Picture credit: Leon Neal/Getty Images)
Artillery Row

Just another minister

Matt Hancock is no master-deceiver, just an average embarrassment

A few hours into Matt Hancock’s second round of evidence to the Covid Inquiry, we learned that Alistair Darling had died. For those who had dealt with him over the years, it was a moment of profound sadness. Many of us had our own stories of private kindness. He was a man of integrity, modesty and good humour.

And so as Hancock went on, the mind drifted to a different crisis, and another minister suddenly faced with issues he could never have imagined. 

Darling, like Hancock, had been forced to react on the fly. Like Hancock he had faced poisonous briefings from his own side. Unlike Hancock, his crime was to be too honest. He had observed in 2008 that the world faced economic disaster, an act of frankness for which Gordon Brown’s aides unleashed, he later recalled, “the forces of hell”. 

Darling had the satisfaction of being vindicated by events. Brown might have been furious at the mention of the coming crisis, but it would ultimately give him his greatest moments in office. Darling, meanwhile, handled himself with characteristic dignity.

Back with more modern disasters, not even Nadine Dorries thinks that Covid was Boris Johnson’s finest hour. Nor will anyone ever accuse Hancock of behaving with dignity. Since he was forced to resign, he has wandered from podcast studio to reality TV set, explaining that his only crime was to fall in love. He has also tried to get the idea going that he was The Man Who Saw Covid Coming, the voice crying in the wilderness, “Prepare ye the way of the lockdown”.

The problem is that no one believes him. Those who hate the government from the left blame him for everything from test-and-trace spending to PPE shortages to VIP lanes to care home crises. Those who hate the government from the right — a category that includes many Conservative MPs — have convinced themselves that were it not for Hancock, lockdown would never have happened at all, and the whole nation would have spent the weekend in bed with a cough and then got back to work on Monday morning. 

Assailed by so much loathing, Hancock has become a man burdened with a truth that only he understands and which he feels he must share with the world. He is the Ancient Mariner stoppething one of three to warn about the dangers of mixing crossbows with seafowl. He is Ross from Friends explaining that he and Rachel had, in fact, very clearly been On A Break.

His complaint is multi-layered. In part, it’s that there was “an unhealthy toxic culture” in Johnson’s Downing Street. Several times he told us that he was a “team player,” in a voice full of sadness at the team the prime minister had led. Sadly there was no time to discuss the weeks in 2019 that Hancock spent telling anyone who would listen that Johnson would be terrific. 

But the big claim was that he had wanted a lockdown far earlier than anyone else, and had urged this course in private. If only he’d been heeded, he told us, many lives would have been saved.

Hugo Keith, the inquiry counsel, treated all of this with scepticism. In particular, he was offended by Hancock’s “Pandemic Diaries”, the self-serving account of the crisis that Hancock published last year. He opened the day by asking Hancock to confirm that they weren’t in fact, a diary. From then on, whenever Keith referred to the book, he managed, somehow, to put the word “diary” inside quote marks. When he wanted to rile Hancock, he referred to “the Diaries, so-called”.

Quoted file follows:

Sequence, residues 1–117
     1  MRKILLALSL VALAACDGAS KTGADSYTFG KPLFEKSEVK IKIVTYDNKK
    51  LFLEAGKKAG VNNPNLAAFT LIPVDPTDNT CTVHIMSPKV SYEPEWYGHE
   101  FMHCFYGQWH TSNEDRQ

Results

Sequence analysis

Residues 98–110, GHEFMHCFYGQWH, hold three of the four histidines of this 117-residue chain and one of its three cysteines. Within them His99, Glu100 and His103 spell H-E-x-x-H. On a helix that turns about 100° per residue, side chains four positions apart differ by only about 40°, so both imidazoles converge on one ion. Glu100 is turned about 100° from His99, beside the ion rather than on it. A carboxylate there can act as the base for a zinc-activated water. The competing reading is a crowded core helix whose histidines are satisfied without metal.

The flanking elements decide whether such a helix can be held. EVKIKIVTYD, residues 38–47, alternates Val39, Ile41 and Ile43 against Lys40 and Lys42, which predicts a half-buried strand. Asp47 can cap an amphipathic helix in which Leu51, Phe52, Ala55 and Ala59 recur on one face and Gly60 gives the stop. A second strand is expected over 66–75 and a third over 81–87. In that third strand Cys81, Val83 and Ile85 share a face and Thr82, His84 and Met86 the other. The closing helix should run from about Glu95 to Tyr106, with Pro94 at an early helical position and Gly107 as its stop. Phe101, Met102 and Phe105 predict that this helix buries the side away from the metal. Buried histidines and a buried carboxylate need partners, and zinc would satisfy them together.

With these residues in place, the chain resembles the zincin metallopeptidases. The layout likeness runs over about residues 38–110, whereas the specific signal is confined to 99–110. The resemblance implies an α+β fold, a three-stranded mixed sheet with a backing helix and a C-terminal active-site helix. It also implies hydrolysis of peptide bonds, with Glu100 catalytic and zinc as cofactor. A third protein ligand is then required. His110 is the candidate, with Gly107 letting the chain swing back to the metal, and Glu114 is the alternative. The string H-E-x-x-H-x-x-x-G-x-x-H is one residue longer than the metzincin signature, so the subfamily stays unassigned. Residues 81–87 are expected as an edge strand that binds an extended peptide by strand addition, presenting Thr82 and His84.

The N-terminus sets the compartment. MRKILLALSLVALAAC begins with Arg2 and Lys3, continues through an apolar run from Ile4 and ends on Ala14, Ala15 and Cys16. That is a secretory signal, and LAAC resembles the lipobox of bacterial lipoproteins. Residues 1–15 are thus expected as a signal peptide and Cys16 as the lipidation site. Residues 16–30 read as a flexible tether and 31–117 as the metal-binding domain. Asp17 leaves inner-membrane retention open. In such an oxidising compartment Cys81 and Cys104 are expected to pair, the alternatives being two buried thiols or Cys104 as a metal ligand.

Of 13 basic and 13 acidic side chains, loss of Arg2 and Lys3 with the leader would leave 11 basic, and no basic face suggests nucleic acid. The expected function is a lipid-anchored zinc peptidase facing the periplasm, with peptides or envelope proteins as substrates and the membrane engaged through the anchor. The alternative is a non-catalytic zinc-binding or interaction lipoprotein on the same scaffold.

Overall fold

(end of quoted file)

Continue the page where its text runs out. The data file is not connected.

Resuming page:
But this was only the start of his contempt for the mores of modern publishing. Half an hour in, he took on Hancock’s own claims about his book. “Meticulously pieced together,” he read, his eyebrows on the ceiling. This was below the belt. If we’re going to start holding authors to account for their book blurbs, where will it end? “Lord Archer, I put it to you that you are, at best, a journeyman storyteller.”  

The problem for Hancock is that his approach to politics turns out to have been quite similar to his approach to publishing. Sure, he told people things that weren’t, you know, completely accurate. But everyone knows that you shouldn’t believe everything you read in a Cabinet submission, right?

His department had produced an action plan early in the pandemic, but it didn’t contain much in the way of action, he conceded. “Obviously if I went back and rewrote it now, it would be completely different.” And perhaps, when the paperback of his book comes out, it will be.

There were hours more to go. Why had he responded with a kisses emoji when it was suggested he’d met his testing target through “creative accounting”? Why had he told Johnson he’d locked down care homes early? “It depends on how you define ‘lock down’.”

Towards the end of the day, Keith got to Hancock’s claim to have thrown a “protective ring”, around care homes, one of the unhappier pieces of Covid rhetoric. Hancock by now looked punch drunk, weary. He attempted a brief explanation, and then gave up. 

In the end, the Hancock we got wasn’t the master-deceiver that his many detractors claim. He was just another minister, trying to suck up to his boss, trying to avoid blame, trying to look good on TV, trying to shag one of his aides. We can’t, as a country, be lucky all the time.

Enjoying The Critic online? It's even better in print

Try five issues of Britain’s newest magazine for £10

Critic magazine cover